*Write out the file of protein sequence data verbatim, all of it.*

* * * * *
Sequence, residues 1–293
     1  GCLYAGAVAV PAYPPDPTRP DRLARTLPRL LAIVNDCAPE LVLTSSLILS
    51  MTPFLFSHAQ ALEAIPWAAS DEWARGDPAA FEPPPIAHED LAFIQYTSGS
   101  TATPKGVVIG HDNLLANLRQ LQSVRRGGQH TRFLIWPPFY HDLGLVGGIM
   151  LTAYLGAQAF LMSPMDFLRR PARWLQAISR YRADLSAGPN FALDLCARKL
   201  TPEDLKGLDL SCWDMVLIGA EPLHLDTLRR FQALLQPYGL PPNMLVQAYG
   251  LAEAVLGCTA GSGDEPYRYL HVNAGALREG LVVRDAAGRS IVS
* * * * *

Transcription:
Sequence, residues 1–293
     1  GCLYAGAVAV PAYPPDPTRP DRLARTLPRL LAIVNDCAPE LVLTSSLILS
    51  MTPFLFSHAQ ALEAIPWAAS DEWARGDPAA FEPPPIAHED LAFIQYTSGS
   101  TATPKGVVIG HDNLLANLRQ LQSVRRGGQH TRFLIWPPFY HDLGLVGGIM
   151  LTAYLGAQAF LMSPMDFLRR PARWLQAISR YRADLSAGPN FALDLCARKL
   201  TPEDLKGLDL SCWDMVLIGA EPLHLDTLRR FQALLQPYGL PPNMLVQAYG
   251  LAEAVLGCTA GSGDEPYRYL HVNAGALREG LVVRDAAGRS IVS